Continuation fund investors eye payout in Leonard Green’s SRS Distribution exit

While Leonard Green’s transaction is giving cash-out LPs the benefit of both processes, the 'quick flip' issue remains controversial in continuation fund deals where assets are quickly exited.

Leonard Green & Partners’ agreed $18.25 billion exit of SRS Distribution, announced earlier this month, represents what could be a quick payout for investors in a continuation fund that closed at year-end.

The firm agreed to sell SRS Distribution, a wholesale distributor of building products, to Home Depot in a transaction valued at $18.25 billion, including debt, the company said earlier this week.

The deal, if it closes as expected by the end of fiscal 2024, according to a statement, would be a massively lucrative exit. Leonard Green acquired the company in 2018 for more than $3 billion, according to Reuters.

The agreed exit comes only a few months after Leonard Green closed a large secondary that moved stakes in SRS Distribution, ExamWorks, Veritext and Troon Golf out of older funds and into a continuation pool.

The continuation fund raised $2.2 billion and was led by AlpInvest Partners, with other investors participating, including Goldman Sachs. Evercore worked as adviser on the secondary process.

Existing LPs in both Funds VI and VII, which held the four assets, had the option to cash out of their interests in the companies or roll over on substantially the same terms they had in the older funds.

Pricing was around par as of the reference date, and around 90 percent of existing LPs chose to sell in the process, affiliate title Buyouts reported. Leonard Green rolled 100 percent of its carried interest in the assets into the continuation fund, Buyouts reported.

Leonard Green’s continuation fund deal closed at year-end. Generally, assets that are moved into a continuation fund are expected to be held longer as the term of the new vehicle extends for several more years. In the case of SRS, a full exit only a few months after the closing of the fund represents a fairly quick flip for a continuation fund asset.

According to sources familiar with this transaction: “A near-term exit was not contemplated at the time of the continuation fund transaction, as an IPO down the road was the expected path of exit.”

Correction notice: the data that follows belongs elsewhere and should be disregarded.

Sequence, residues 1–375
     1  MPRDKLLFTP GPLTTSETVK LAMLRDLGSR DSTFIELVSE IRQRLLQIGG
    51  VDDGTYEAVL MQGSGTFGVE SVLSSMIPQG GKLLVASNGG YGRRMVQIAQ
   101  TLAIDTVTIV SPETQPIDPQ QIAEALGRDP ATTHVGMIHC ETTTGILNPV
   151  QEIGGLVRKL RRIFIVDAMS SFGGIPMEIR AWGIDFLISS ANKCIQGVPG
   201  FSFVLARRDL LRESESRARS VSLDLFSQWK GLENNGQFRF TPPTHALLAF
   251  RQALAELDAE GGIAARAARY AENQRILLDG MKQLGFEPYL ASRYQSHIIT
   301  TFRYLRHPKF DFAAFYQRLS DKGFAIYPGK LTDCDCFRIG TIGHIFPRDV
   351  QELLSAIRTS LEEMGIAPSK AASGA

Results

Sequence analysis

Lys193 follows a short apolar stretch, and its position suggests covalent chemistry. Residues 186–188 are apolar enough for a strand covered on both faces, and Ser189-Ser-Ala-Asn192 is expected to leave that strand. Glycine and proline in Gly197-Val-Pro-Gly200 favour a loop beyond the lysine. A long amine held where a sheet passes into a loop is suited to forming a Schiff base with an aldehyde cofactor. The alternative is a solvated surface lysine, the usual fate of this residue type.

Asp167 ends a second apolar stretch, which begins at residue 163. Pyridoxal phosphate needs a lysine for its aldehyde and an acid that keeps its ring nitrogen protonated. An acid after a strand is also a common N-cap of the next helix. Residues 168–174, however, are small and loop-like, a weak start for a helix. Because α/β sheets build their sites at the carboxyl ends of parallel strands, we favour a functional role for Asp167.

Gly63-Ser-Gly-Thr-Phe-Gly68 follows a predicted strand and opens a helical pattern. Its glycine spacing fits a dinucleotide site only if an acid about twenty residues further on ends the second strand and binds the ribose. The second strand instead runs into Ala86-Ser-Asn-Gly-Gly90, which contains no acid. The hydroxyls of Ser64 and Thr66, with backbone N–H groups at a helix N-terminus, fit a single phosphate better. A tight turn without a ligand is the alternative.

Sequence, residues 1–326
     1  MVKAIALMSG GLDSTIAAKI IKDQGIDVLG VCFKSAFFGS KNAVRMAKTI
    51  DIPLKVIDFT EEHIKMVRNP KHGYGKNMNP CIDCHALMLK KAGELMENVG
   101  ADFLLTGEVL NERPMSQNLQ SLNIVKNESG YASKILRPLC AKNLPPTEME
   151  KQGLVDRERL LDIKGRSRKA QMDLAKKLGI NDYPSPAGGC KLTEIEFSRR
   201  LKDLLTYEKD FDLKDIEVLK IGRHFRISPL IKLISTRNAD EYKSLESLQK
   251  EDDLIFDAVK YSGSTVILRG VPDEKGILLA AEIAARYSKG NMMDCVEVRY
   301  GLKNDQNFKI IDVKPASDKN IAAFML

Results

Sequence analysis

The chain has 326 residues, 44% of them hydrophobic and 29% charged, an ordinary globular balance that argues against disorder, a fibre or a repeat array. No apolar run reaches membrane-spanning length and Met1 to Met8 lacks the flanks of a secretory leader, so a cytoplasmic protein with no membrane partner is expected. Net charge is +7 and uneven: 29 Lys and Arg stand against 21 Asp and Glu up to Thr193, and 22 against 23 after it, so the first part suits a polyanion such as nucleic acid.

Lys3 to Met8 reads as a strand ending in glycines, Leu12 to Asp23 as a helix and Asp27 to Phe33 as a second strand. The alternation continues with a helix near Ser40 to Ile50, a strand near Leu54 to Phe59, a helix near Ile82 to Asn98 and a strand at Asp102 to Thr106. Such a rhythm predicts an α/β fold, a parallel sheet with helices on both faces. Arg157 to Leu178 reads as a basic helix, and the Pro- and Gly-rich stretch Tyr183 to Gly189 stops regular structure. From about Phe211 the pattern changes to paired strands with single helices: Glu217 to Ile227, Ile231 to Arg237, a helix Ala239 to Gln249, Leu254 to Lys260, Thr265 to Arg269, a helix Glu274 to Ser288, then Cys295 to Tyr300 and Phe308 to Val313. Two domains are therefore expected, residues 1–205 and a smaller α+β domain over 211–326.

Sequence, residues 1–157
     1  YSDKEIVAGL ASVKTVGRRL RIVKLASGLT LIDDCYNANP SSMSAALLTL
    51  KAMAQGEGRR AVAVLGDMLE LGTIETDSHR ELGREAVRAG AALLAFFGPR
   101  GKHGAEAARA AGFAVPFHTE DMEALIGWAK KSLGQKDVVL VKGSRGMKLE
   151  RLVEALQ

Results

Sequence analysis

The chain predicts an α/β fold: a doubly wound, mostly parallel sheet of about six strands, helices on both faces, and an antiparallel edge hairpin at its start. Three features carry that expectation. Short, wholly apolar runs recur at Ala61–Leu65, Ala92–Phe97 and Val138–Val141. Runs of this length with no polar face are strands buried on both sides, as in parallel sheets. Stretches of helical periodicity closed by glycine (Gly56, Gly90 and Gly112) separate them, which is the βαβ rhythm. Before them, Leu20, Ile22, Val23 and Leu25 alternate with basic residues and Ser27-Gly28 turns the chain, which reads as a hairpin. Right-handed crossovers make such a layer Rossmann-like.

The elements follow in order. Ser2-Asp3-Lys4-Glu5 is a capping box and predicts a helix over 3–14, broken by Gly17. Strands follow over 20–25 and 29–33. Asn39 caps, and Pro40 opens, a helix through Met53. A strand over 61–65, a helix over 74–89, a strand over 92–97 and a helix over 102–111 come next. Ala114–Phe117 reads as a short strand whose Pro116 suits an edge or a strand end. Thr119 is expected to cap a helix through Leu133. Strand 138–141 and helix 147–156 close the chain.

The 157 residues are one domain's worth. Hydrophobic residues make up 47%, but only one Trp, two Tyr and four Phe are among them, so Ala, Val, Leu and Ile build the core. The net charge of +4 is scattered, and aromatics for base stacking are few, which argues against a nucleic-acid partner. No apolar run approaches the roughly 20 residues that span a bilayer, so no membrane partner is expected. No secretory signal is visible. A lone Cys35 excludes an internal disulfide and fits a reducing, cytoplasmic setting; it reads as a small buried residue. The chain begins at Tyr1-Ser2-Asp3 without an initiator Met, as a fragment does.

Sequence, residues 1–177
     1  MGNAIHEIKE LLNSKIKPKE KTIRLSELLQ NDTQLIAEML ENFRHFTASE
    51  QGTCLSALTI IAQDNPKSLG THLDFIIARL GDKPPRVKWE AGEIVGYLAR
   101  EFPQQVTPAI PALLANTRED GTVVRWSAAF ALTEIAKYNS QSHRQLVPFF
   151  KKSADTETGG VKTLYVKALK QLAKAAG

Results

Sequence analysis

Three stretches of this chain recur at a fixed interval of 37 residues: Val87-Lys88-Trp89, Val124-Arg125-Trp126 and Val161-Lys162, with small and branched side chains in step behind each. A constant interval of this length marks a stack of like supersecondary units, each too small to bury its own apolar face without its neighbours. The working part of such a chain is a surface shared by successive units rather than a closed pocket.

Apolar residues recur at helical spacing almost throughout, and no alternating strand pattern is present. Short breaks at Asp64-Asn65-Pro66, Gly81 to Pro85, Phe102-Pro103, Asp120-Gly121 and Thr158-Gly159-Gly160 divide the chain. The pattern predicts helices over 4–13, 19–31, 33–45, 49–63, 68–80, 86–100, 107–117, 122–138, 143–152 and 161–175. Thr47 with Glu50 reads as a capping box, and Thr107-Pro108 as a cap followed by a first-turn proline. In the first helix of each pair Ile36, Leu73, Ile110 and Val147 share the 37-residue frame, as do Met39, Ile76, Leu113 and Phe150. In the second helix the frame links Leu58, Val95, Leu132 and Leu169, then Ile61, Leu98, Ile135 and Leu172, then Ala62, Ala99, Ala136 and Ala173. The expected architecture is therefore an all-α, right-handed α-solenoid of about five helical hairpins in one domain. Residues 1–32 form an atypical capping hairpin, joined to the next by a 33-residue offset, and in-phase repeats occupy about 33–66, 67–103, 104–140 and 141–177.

Some LPs have concerns of selling into a continuation fund process and potentially missing out on a more lucrative exit in the future. While the risk is always there when cashing out of an asset, a sale so soon after the closing of a secondary process that is expected to extend a firm’s hold over an asset can raise eyebrows with LPs.

However, if the deal closes as agreed, Leonard Green Fund VII LPs will be able to take advantage of both processes – they received distributions in the continuation fund deal, while still retaining exposure to SRS through the main fund, a source told Buyouts.

Here’s how it works: Leonard Green sold around 16 percent of its interest in SRS into the continuation fund, retaining its remaining stake through Fund VII, a source said.

This means Fund VII LPs who chose to cash out of their interest in SRS still retained ownership through the main fund, the source said. In this way, those cash-out LPs received distributions through the continuation fund and are poised to capture more value through the exit, the source said.

Leonard Green used the secondary as a way to deliver liquidity to Fund VII investors, the source said. It also used the process to balance the fund portfolio. SRS, through its performance, resulted in a position that was more than 25 percent of Fund VII’s NAV at the time, the source said.

While Leonard Green’s transaction is giving cash-out LPs the benefit of both processes, the “quick flip” issue remains controversial with secondary deals where assets are quickly exited, sources said.

“If the premise of the CV is to hold longer for value creation maximisation, etc, and then there is a quick flip, it can be a problem if the valuation of that quick flip is a material premium to the CV price,” said a secondaries market source.

Update: This story was updated with an additional quote about the transaction.